Travel
March 29, 2010

My Town: Padraig Harrington

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Trinity College, a significant attraction in Dublin.

Padraig Harrington grew up in Rathfarnham, a suburb of Dublin, Ireland, and he still makes his permanent home in the Fair City, though he doesn't quite frequent the same haunts of his youth now that he has a wife, two kids and three major championships.

Ask him, for instance, to give an account of what he considers some of the best pubs and restaurants in and around the city, and he offers a wide grin, but little in the way of detail, as if he's not about to give up a secret. "They're all good," he finally says.

But what of his favorite? "No, I don't have any favorites," says the 38-year-old. "I did when I was younger, but let me just say that they're all good, and we'll leave it at that."

Fair enough. Now ask Harrington about golf in Dublin, and he's got a few suggestions for you.

COURSES

The best course in Dublin is Portmarnock GC. It's a really unusual place. I say that because it's a very fair links course. Normally, that's not something you encounter; links isn't about fairness. It can be unforgiving. But Portmarnock is unique. It's a good, solid test.

Another course I like is The Island. It's a classic links with a lot of great views. It's surrounded on three sides by the sea, and it's close to the Dublin airport so it's not a bad place to start if you're itching to get a round in soon after you get off the plane.

I think the European Club is very good, and it's hard to top Royal Dublin GC, of course. It's the second oldest club in Ireland, designed by Harry Colt. It's located on Bull Island, which is also a bird sanctuary. For folks willing to venture outside of Dublin proper, you might want to check out the K Club. It's where the Ryder Cup was played in 2006. There are 36 holes, all pretty good.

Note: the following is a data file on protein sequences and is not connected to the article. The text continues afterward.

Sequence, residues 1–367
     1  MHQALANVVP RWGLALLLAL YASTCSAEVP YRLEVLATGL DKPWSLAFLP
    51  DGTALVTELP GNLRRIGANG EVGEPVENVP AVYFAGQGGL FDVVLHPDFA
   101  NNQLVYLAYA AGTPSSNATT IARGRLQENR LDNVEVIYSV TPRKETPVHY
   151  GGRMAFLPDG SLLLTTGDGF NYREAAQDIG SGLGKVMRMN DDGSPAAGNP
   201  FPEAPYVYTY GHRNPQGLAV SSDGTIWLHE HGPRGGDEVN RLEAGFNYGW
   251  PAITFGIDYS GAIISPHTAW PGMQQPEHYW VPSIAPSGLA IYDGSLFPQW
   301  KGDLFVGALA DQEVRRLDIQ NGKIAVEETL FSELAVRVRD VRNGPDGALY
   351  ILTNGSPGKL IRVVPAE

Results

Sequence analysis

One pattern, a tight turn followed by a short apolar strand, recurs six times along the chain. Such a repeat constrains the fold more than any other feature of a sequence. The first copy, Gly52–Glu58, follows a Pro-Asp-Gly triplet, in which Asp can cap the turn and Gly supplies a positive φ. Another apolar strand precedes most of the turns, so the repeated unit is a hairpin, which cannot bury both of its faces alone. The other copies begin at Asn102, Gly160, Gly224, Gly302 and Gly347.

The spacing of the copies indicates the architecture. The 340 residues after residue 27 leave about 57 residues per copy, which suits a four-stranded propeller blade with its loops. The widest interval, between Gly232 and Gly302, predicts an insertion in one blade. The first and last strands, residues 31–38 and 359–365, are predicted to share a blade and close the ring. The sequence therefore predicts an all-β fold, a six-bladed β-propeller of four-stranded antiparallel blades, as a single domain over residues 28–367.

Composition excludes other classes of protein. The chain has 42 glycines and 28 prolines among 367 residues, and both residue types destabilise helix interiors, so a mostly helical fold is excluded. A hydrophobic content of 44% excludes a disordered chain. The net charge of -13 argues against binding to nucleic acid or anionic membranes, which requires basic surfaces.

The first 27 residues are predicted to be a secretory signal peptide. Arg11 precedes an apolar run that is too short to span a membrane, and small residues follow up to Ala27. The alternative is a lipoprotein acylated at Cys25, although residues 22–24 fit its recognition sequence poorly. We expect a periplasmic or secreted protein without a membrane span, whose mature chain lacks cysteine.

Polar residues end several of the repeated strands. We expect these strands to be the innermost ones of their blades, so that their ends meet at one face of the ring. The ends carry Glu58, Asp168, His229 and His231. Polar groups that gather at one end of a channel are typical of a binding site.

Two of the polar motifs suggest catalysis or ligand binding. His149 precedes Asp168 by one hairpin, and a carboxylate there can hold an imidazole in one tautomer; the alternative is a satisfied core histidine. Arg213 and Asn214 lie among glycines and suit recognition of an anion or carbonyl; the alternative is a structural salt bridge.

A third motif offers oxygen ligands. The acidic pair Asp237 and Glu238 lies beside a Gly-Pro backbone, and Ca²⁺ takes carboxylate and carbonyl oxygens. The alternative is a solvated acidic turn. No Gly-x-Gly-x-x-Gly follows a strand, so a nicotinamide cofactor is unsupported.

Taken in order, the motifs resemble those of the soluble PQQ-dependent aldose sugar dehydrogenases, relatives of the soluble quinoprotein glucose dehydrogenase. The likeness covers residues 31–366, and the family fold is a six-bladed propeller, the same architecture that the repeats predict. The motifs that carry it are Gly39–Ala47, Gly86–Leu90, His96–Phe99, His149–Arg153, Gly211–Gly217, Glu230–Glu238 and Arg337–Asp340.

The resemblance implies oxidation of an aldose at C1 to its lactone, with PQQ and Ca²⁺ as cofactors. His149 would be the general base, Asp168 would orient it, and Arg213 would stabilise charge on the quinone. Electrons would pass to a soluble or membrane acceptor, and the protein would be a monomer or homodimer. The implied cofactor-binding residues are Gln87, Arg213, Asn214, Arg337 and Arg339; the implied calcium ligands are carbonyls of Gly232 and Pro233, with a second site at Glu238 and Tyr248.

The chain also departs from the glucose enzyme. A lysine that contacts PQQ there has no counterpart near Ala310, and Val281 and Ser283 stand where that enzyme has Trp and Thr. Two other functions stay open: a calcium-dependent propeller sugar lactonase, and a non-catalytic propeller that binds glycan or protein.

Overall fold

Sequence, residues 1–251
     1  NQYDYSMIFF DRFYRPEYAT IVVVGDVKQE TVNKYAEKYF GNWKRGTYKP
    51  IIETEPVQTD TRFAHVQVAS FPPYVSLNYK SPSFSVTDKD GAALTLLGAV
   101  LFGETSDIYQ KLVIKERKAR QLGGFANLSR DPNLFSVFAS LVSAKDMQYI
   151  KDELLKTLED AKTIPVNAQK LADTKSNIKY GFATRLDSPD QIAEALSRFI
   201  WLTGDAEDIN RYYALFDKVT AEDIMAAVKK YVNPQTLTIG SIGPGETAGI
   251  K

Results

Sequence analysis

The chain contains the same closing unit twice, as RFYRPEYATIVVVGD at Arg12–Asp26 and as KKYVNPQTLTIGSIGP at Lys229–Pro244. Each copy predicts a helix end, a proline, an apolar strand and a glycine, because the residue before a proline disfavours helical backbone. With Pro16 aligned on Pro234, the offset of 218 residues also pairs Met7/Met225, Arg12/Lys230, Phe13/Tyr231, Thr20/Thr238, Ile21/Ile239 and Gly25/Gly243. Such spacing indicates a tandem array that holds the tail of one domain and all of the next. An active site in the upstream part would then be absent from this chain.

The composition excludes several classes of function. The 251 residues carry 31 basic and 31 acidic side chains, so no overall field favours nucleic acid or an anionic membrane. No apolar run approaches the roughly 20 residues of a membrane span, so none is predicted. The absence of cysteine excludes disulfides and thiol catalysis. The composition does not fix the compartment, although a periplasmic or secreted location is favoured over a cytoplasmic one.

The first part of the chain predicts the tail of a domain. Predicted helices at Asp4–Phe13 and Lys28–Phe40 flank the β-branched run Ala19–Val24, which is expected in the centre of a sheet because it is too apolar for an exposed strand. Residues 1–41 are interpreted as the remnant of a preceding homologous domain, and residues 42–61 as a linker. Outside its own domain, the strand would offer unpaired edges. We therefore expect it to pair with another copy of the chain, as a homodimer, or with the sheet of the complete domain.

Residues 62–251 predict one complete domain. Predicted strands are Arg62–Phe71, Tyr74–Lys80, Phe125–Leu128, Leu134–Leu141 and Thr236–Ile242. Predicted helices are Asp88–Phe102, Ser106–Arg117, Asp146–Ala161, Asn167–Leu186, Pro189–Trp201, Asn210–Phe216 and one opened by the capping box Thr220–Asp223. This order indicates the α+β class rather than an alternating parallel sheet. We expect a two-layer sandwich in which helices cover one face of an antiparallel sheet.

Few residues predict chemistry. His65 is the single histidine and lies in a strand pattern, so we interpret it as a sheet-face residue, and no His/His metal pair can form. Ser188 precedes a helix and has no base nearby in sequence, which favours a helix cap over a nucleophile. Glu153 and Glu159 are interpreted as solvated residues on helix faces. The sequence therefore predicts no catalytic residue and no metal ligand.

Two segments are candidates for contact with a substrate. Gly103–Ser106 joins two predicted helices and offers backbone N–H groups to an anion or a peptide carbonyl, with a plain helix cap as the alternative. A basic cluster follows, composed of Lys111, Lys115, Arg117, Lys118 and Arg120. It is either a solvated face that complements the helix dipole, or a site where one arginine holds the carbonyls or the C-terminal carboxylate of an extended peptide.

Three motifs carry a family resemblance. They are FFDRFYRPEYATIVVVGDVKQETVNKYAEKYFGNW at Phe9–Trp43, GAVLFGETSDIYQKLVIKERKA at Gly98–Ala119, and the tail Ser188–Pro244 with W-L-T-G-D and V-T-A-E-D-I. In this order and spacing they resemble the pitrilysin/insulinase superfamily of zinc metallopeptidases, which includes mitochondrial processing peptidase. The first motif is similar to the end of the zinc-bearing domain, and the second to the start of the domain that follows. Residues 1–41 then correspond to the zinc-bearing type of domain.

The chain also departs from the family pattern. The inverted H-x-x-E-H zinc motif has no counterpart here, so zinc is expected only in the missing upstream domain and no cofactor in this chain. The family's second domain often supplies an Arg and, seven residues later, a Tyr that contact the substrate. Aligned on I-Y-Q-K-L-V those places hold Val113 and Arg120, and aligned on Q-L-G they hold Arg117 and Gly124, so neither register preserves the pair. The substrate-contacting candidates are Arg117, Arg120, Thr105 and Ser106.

PLACES TO STAY

My advice is to stay in the city, near St. Stephen's Green, which is the city's central park. Once you're there, you're pretty much centered with anything you want to do.

There are a lot of good hotels in the area, but I think for my money I'd stay at either The Shelbourne Hotel or The Westbury Hotel, which was recently renovated. Those are top of the line, and I would recommend them to anyone.

The Shelbourne has some notable features. The Lord Mayor's Lounge is a must-stop at least one afternoon for the traditional tea hour. If you want a real feel for the local scene, Dubliners often go to the hotel's bar, Horseshoe Bar, which has been serving drafts for more than 50 years.

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__Left: Portmarnock GC (by Stephen Szurlej); Right: Courtesy of Guinness Storehouse. __